The gift of detachment
By Nancy B. Loughlin
Published in News Press on December 23, 2014. Posted with permission.
You know when your emotions get the better of you.
When you’re about to snap, there are two competing threads running through your mind. Thread A is your default emotion. You lash out in anger. You withdraw into depression. Or, you take off into flights of panic.
These knee-jerk emotional responses can have disastrous consequences for your professional and personal relationships.
Thread B is your intellect, detached from your emotions. Your intellect knows how this drama is going to end. It’s telling you to calm down and not to do anything you will regret.
The ideal is not to silence or repress your emotions but to raise the volume of your intellect. You and your emotions are not the same; use them as Know Thyself tools.
The key practice is to separate from your thoughts and allow yourself to be a witness to the chaos of your mind. Orchestrating this split and becoming an observer of your emotions rather than a participant can be the most challenging practice in yoga.
You don’t begin this practice in your mind. You begin in your body.
A Yin Yoga class does not offer vigorous flow. Instead, poses are held for extended periods to access deeper connective tissues and the trauma and memory stored in them.
As an experiment, hold Cow Face Pose and Fire Log for five minutes each.
Cow Face: Sit cross-legged and slide the back of your left hand up your spine in between your shoulder blades. Bend your right arm over your shoulder and attempt to grab your left hand behind you. Open your elbows wide. If your hands don’t meet, use a strap to modify. If you choose to add the hip opener, slide your bent legs closer together, and stack your left knee on top of your right knee. You may need a bolster under your seat to keep your spine straight.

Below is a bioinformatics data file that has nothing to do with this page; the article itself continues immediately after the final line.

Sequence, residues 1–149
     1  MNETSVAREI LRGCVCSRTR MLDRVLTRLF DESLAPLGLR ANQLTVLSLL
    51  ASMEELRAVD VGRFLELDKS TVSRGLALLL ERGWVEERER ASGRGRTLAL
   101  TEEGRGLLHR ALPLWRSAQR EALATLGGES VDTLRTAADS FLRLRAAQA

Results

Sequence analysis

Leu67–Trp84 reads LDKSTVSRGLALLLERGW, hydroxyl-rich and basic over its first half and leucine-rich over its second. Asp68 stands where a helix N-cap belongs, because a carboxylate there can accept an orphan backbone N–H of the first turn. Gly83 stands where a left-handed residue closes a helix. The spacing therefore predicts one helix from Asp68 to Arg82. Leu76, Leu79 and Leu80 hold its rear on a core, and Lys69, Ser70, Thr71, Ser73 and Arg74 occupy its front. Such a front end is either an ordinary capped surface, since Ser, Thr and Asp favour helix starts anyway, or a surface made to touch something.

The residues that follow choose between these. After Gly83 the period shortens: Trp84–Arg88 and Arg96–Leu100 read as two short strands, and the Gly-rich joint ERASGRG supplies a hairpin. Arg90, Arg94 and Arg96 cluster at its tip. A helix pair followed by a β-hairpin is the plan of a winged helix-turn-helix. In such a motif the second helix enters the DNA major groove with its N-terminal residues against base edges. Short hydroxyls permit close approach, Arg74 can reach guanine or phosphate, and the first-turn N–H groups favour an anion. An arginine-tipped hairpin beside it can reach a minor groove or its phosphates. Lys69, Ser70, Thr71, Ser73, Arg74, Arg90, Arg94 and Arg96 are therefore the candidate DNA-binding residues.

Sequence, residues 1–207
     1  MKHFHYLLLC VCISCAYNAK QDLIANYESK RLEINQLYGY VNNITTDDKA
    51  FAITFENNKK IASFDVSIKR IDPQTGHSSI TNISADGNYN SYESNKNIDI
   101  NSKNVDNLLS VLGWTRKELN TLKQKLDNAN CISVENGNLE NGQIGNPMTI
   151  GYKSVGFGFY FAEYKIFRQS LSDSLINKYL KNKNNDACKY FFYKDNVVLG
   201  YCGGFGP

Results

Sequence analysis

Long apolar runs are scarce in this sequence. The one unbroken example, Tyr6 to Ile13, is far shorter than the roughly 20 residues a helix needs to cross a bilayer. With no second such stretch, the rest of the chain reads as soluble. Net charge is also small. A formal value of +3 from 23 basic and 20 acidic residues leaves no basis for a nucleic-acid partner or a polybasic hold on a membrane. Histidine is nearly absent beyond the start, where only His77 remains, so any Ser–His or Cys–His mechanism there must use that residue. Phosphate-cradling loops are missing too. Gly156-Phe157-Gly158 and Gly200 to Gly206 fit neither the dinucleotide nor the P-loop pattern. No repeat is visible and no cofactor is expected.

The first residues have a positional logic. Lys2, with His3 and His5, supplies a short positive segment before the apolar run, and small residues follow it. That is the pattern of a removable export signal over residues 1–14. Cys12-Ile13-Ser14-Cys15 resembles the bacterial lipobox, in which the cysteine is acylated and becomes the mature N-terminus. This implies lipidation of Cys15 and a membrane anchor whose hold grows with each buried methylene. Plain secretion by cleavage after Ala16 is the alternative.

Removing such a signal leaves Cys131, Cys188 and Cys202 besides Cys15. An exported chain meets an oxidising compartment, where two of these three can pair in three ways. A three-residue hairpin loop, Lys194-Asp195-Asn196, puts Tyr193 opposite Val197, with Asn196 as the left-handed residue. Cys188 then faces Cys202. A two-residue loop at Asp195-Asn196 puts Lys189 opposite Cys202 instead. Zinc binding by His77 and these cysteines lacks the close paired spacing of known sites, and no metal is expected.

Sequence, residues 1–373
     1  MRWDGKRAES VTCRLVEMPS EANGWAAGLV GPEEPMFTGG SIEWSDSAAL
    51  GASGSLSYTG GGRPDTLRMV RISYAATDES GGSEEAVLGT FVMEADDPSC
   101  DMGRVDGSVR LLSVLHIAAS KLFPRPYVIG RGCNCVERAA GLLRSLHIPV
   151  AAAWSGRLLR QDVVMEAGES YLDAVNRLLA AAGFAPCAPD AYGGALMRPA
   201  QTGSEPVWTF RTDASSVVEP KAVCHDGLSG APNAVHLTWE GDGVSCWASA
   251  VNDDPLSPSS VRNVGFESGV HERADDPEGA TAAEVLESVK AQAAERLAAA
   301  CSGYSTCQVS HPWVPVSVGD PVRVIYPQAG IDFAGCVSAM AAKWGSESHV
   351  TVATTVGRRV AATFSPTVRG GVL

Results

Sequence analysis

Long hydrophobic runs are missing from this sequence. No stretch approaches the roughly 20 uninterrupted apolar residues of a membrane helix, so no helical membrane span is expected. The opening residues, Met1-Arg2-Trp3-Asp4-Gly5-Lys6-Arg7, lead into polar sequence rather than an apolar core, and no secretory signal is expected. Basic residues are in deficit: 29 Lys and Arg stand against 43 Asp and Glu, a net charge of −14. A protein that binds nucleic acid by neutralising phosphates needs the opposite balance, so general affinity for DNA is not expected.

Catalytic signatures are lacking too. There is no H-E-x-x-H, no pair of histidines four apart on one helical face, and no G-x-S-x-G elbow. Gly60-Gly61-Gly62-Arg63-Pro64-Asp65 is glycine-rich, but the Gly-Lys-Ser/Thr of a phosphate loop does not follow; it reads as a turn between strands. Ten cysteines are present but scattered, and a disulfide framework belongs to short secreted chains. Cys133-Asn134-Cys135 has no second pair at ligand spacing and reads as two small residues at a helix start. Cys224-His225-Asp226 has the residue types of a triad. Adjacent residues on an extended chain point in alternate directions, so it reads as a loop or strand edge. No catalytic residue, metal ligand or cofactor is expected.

Fire Log: While sitting cross-legged, stack your right shin on top of your left shin. Your right knee is on top of your left ankle, and your right ankle is on top of your left knee.
Both of these challenging poses will access the deep tension in the hips and shoulders and will usually prompt one of three reactions: anger, misery or panic. Why? You’re being triggered. And you will feel it.
Be still. Try not to bolt from the room in body or mind. Set a timer for five minutes. Close your eyes, sit in your stuff and breathe.
When distress looms in any situation – a job, a relationship, a marriage, a conversation or a yoga pose – your default emotion attacks.
Now let the movie roll, and it may be a sordid cast of characters. Which memories surface? Who from your past or present steps to the stage?
Simply acknowledge all images, and allow them to pass.
After five minutes each in Fire Log or Cow Face, journal your memories. Write in third person like an impartial witness.
When someone agitates you, your emotions are not always responding to the trigger in front of you. Your emotions are time travelers, revisiting wounds in the energy body.